Interactive Workshops

Workshops model hands-on learning and are intensive discussions led by a moderator. They emphasize participation by all session attendees and aim to develop professional skills or examine professional interests, responsibilities, and proficiencies. 

Space is limited, so please pre-register for these interactive workshops. If a workshop does not appear on "Registration and Membership," it has sold out, but you may email to be added to our waiting list.

Interactive Workshops

Exhibitor-sponsored Workshops

Undergraduate Forum (No pre-registration required)

Interactive Workshops

Data-driven Rubrics for the Contemporary Second Language Writing Classroom

Mary Jo Lubrano and Janice Willson, Yale University

Thursday, March 5, 2:15-4:15 PM

Marriott Copley Place, Back Bay Conference Center

Assessing second language writing is becoming more complex in today’s multicultural digital classroom. This workshop equips instructors to respond to these changes by demonstrating a method for aligning course goals with contemporary writing samples. The workshop shows how data-driven rubrics can be constructed by analyzing written performance.

Enhance Students’ Cultural Proficiency through Street Art and Text Graffiti

Viktoria Hackbarth and Mira Angrist, Boston University

Saturday, March 7, 4:45-6 PM

Marriott Copley Place, Salon E

Visual literacy is an important component in today’s language and culture studies and can be further incorporated into 21st century world language syllabi. Graffiti and other forms of art in the public space are authentic manifestations of a particular culture and foster learning to observe, interpret and engage in a cultural discourse. Participants in this workshop will be exposed to and actively engage with multi-model graffiti and art in the public space using pedagogical tools such as the IMAGE model as well as other structured pedagogical tools.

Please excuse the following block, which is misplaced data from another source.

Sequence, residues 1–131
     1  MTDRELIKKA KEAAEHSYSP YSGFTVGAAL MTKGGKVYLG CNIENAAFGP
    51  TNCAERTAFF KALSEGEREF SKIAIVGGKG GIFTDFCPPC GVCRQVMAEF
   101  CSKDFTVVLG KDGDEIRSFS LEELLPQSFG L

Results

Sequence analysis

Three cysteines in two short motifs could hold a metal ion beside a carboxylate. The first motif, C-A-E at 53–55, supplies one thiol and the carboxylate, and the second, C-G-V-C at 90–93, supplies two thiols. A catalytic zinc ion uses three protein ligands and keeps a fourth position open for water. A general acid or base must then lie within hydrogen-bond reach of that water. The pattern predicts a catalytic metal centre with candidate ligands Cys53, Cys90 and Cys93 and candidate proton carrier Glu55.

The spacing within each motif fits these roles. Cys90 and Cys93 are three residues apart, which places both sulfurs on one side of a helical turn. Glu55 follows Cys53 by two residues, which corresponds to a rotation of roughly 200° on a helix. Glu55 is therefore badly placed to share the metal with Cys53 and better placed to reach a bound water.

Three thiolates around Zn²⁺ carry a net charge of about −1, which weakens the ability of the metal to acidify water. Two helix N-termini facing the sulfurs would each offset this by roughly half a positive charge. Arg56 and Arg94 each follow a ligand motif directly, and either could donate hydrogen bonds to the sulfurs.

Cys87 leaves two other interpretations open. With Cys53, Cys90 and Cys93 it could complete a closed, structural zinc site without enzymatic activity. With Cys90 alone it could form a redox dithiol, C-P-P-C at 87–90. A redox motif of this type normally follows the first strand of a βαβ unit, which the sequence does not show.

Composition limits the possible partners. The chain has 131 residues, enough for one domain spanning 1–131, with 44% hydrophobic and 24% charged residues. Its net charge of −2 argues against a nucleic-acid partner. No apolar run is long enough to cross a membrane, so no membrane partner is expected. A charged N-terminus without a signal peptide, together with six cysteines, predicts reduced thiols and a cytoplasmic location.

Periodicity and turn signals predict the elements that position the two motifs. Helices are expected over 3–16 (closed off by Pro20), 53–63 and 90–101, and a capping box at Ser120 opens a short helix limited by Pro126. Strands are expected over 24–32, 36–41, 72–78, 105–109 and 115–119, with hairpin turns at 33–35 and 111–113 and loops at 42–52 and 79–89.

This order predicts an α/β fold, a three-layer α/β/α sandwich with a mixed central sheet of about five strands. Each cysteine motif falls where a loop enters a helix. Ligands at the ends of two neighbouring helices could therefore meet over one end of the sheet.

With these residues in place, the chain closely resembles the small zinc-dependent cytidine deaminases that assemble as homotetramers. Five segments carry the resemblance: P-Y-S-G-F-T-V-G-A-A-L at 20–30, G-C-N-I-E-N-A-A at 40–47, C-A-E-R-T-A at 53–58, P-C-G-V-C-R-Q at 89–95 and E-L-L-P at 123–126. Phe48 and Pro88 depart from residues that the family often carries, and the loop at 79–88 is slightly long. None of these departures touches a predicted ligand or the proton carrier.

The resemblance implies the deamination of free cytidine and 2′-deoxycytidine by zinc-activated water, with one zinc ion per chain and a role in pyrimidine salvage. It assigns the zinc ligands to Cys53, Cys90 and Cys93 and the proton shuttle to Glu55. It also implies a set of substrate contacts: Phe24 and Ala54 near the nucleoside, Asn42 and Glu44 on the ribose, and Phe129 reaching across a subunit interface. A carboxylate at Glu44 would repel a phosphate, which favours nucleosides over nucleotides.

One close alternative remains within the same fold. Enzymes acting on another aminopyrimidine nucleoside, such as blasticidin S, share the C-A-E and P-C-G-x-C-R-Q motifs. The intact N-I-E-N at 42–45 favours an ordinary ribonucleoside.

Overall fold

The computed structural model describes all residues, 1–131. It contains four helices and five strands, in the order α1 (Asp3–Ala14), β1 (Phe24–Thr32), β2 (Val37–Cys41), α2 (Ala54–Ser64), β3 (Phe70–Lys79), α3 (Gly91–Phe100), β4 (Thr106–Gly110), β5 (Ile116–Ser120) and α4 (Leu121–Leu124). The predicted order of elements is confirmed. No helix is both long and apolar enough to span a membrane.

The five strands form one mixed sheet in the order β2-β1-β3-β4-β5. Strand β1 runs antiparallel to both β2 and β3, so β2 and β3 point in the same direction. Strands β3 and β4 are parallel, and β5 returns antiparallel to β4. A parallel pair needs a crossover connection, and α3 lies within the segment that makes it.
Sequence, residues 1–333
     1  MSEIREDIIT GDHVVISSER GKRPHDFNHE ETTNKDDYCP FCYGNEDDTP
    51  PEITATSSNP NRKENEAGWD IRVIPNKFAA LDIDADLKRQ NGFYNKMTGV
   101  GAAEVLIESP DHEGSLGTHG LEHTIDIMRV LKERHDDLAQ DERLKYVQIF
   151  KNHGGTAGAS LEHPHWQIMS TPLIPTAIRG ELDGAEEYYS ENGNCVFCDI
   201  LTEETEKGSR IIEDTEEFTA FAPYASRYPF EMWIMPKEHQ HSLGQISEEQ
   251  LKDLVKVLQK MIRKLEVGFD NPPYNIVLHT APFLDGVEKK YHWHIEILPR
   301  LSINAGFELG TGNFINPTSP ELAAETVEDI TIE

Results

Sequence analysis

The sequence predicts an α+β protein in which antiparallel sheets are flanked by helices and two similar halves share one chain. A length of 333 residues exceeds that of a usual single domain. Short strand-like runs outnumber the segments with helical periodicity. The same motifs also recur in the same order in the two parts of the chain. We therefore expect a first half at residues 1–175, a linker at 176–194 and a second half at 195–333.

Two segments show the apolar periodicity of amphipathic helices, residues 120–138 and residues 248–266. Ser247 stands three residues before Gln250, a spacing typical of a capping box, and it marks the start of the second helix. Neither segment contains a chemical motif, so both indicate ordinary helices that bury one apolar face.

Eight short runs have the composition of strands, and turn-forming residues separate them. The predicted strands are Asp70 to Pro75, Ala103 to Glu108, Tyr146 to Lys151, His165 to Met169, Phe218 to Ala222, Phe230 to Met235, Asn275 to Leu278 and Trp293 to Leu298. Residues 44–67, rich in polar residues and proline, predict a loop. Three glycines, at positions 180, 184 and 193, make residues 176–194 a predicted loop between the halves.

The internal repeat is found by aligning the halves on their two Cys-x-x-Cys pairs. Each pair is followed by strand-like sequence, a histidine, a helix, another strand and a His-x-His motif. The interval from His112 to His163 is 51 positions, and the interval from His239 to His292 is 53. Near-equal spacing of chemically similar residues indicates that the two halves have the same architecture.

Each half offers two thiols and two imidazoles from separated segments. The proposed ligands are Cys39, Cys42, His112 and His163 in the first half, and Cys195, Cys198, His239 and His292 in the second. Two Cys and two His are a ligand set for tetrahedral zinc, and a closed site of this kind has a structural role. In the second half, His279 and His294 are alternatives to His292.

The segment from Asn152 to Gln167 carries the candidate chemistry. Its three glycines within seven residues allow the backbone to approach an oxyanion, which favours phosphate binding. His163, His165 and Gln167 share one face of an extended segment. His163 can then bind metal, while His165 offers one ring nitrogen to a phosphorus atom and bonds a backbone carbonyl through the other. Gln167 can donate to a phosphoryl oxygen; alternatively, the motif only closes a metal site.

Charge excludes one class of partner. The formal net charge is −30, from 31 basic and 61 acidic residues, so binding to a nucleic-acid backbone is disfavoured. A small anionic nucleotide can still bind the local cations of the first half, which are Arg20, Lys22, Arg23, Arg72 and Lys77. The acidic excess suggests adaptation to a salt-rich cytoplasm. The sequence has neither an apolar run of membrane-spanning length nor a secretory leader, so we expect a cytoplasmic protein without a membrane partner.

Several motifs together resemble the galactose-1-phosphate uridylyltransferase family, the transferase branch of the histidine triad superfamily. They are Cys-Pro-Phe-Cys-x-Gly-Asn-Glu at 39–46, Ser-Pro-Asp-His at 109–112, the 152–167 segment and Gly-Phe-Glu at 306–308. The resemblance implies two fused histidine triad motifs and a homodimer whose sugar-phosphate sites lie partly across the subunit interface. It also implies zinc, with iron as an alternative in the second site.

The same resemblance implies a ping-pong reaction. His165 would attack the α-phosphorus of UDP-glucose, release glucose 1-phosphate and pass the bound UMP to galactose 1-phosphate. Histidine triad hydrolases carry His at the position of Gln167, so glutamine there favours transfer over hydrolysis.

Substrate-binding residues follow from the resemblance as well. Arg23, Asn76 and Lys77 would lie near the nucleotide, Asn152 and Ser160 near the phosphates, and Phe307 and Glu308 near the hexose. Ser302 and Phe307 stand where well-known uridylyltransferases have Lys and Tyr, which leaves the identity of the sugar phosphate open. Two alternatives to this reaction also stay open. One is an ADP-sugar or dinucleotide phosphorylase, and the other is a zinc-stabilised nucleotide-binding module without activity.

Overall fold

Essential Elements of Online Teaching

Richard Schumaker, City University of New York, and Susan Ko, Lehman College-CUNY

Thursday, March 5, 12-2 PM

Marriott Copley Place, Simmons

This hands-on professional development workshop provides a guided opportunity for designing and teaching fully or partially online courses. Participants will draft a design plan for a course or course elements that will make use of online delivery and receive feedback from moderators and workshop peers. Attention will be given to the use of Open Educational Resources.

How Partnering with STEM Disciplines Can Elevate the Humanities

Beverly Wood and Debra Bourdeau, Embry Riddle Aeronautical University

Friday, March 6, 1:15-2:45 PM

Marriott Copley Place, Back Bay Conference Center

This workshop will show how to effectively blend STEM with the humanities when developing courses in order to expand students’ capacity for analysis and critical thinking.

Inclusive Curriculum and Instructional Design: Building Marketable Skills

Ann Gagné, University of Toronto-Mississauga

Sunday, March 8, 8:30-10:30 AM

Marriott Copley Place, Back Bay Conference Center

This workshop will provide hands-on experience of designing inclusive curriculum from the ground up. From writing measurable learning outcomes to creating lesson objectives that are transferable to face-to-face or online/hybrid educational environments, we will engage in activities that will improve skills and emphasize what can make you marketable as an instructional designer, educational developer, curriculum support in academia, or as a corporate training facilitator.

Introduction to Digital Textual Editing: A Hands-on Workshop

Isabella Magni, Rutgers University-New Brunswick

Thursday, March 5, 12-2 PM

Marriott Copley Place, Back Bay Conference Center